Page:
While driving to work, I stopped at the red light on Jinnah Avenue watching a pair of beggars moving from vehicle to vehicle towards my direction. One of them appeared to have an amputated arm, while the other was using a single crutch to hobble along. As they drew closer, I was reminded of a Chinese social media video that went viral some time ago showing two young women, who placed a harmless pet snake in a blind beggars bowl only to see him getting up and running for his life. I too was during my teenage years, involved in such activity with a ‘blind’ individual, who used to sit at the entrance to Regal Cinema, somewhere in the late 1950s. Instead of a pet snake, we used a marriage cracker and watched in amusement as the man, quickly grasped the cracker and threw it towards the wall of a school across the road. Since all this happened at a busy intersection, a crowd saw the whole episode and gathered around the hapless fraud, who still had the presence of mind to gather up his mat, bowl and stick and walk away in an excellent display of ‘blind man’s bluff’. Not to be outdone, we followed him some distance up the Temple Road, to be rewarded by the sight of the man tucking everything into a ‘potli’ and rapidly walking towards Safanwala Chowk, with two ‘seeing eyes’.
My driver, who by all counts is a canny young man, once told me that alm seekers with apparent amputations had with practice, developed the ability to fold their arms and legs, which when tied into place completed the illusion that parts of the limb below the elbow and knee were missing. Armed with the information, I have on many occasions challenged beggars to remove their shirts and had the satisfaction of seeing them hurriedly escaping from the scene.
My friends and relatives often criticize me on being harsh with beggars. I cannot help, but do so because of what I witnessed at a handicraft shop in Liberty Market Lahore, where I had gone to buy a wedding gift. Looking through the items on display, I saw three bedraggled and dirty looking women enter the shop and walk confidently up to the counter. The body language of the person sitting on the till indicated that these new arrivals were known to him. Three fairly large sized bags were produced from under their dresses and their contents deposited on the counter to reveal hundreds of coins bearing different denominations, which were quickly exchanged wads of five hundred rupee notes. The trio walked out as if they owned the place, not even bothered that the entire activity had been watched by other customers. Queries directed at the cashier, revealed that this was happening all over the city and the men and women we saw in various stages of poverty and disability were in fact earning as much on a daily basis as any blue collar worker.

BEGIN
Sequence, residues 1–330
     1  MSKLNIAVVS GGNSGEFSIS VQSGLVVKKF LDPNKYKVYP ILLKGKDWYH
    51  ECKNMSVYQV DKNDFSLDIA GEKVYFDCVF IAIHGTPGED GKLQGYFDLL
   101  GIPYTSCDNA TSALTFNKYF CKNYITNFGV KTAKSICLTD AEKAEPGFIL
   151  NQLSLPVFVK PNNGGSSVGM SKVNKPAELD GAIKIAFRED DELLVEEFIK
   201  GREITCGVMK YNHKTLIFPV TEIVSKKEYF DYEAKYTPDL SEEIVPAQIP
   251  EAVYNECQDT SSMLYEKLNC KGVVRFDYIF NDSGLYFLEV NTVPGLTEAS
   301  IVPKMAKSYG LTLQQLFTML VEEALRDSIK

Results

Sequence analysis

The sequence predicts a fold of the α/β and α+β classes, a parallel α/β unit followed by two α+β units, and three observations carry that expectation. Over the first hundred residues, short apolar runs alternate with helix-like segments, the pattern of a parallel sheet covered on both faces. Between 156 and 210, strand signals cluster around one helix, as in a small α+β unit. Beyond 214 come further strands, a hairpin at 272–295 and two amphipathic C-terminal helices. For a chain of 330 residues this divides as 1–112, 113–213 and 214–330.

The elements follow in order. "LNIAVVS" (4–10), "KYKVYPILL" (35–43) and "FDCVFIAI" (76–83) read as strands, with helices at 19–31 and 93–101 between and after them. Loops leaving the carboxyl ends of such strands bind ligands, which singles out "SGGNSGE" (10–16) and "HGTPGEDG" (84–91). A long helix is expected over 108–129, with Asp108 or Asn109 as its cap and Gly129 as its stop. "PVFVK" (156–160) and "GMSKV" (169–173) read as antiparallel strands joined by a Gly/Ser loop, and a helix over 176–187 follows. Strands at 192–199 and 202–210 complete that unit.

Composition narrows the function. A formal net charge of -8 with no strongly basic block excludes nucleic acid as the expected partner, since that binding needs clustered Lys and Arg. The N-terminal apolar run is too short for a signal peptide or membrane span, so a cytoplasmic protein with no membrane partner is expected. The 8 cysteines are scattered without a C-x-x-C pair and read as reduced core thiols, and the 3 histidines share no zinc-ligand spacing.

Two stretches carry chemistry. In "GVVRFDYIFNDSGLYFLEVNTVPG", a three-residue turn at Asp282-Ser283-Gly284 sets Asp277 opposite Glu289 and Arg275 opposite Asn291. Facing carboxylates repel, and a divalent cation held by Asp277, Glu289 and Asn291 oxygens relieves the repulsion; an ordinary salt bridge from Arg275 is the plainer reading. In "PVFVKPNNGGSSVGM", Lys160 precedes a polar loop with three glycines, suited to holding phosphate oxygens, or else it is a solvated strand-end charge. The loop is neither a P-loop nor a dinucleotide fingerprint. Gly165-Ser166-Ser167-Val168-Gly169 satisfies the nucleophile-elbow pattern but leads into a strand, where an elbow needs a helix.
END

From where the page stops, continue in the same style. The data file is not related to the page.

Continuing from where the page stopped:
The incident prompted me to speak to a random specimen, who is often seen in our office car park seeking money to feed his family. I offered him a job right there and then. First I got blank looks followed by a crafty grin. Then the man turned and walked away with the words, “Ja apna kam kar. Sanoo kamai karan de”. I went back to my office, more angry than amazed. The incident prompted me to do a bit of research, the findings of which were conclusive in establishing that begging was an addictive activity, since it meant easy money and for some, a window of opportunity for purloining an item or two, when the owner wasn’t looking. A long forgotten memory helped me to arrive at this conclusion.
Islamuddin came to my great grandfather’s house hold as a young boy. He grew up amongst the family and migrated to Pakistan in 1947 as an old man. We took him in, took care of all his needs, in spite of which he for some reason developed the habit of sitting on Lawrence Road outside St. Anthony’s school and begging. No amount of advice from my parents and even my grandmother nor threats of police, had any effect on an individual, who had comfortable lodgings, the same food that we ate and medical care as and when required.
A new twist to begging is the fact that the activity has now evolved into an industry run by cartels. It is up to concerned authorities to eradicate it at its roots now or suffer its social consequences.
The writer is a historian.